March Madness has concluded and NBA Draft preparation will soon reach full bore. The Sixers will have a pick in the lottery if the Lakers pick is either #1 or #6+. It’s never too early to speculate who the Sixers could look at. To do so, Mike Gribanov (@mikegrib8) of The Stepien & the Amateur Hour Draft Podcast joined me to talk about Draft prospect Trae Young.
Kevin F. Love: What are some of the more basic notes on Trae Young? Is he an NBA point guard or more of a 2 guard? What level is his athleticism at? What’s his physical profile?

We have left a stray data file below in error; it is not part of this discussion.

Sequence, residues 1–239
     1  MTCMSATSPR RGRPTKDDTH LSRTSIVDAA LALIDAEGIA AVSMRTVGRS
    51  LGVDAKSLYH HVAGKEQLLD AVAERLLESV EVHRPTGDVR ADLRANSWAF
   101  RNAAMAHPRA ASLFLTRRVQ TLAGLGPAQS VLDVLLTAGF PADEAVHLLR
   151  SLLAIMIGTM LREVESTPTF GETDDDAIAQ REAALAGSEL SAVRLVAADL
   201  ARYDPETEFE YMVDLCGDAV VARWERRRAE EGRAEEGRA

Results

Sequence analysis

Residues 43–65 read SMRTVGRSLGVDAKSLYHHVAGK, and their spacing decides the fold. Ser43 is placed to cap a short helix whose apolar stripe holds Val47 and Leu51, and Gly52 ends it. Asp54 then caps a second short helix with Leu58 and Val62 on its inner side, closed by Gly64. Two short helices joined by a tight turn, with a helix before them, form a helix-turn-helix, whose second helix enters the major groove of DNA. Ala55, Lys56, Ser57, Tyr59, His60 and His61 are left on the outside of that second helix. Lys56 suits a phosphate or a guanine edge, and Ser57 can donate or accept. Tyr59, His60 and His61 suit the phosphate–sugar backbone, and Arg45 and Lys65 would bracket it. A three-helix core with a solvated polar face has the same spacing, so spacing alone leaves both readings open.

Mike Gribanov: Young is of course known for the ridiculously voluminous role he has taken on as a freshman at Oklahoma. He lead the country in points and assists per game, as well as usage and assists percentage. Despite that, he was able to keep up an impressive 58.6 true shooting percentage. There is an argument to be made that among all-time freshmen, Young just completed the most impressive individual season in the history of NCAA basketball. Both the assist numbers and film indicate that he should have no problem playing point guard at the next level. While Young almost always had the ball in his hands in Oklahoma’s system, he played unselfishly and wasn’t a ball stopper, keeping his head up as soon as he received the ball in the back court, always looking for ways to find teammates for easy baskets. According to kenpom.com, Oklahoma was the fourth fastest paced team in the country this past season. Young’s heady and accurate outlets in early offense were a big reason why, some of them came even after made baskets and often found teammates streaking ahead for open lay ups or wide open spot up three pointers. Young already has almost every pass in the book at his disposal, and doesn’t need to pick up the dribble and pivot to find shooters open on the weak side when the defense collapses in the paint trying to take away penetration or traps him in the pick-n-roll. He even flashed a lefty cross court hook pass off the dribble at times, one of the toughest but most important passes that modern point guards are asked to make in the modern NBA.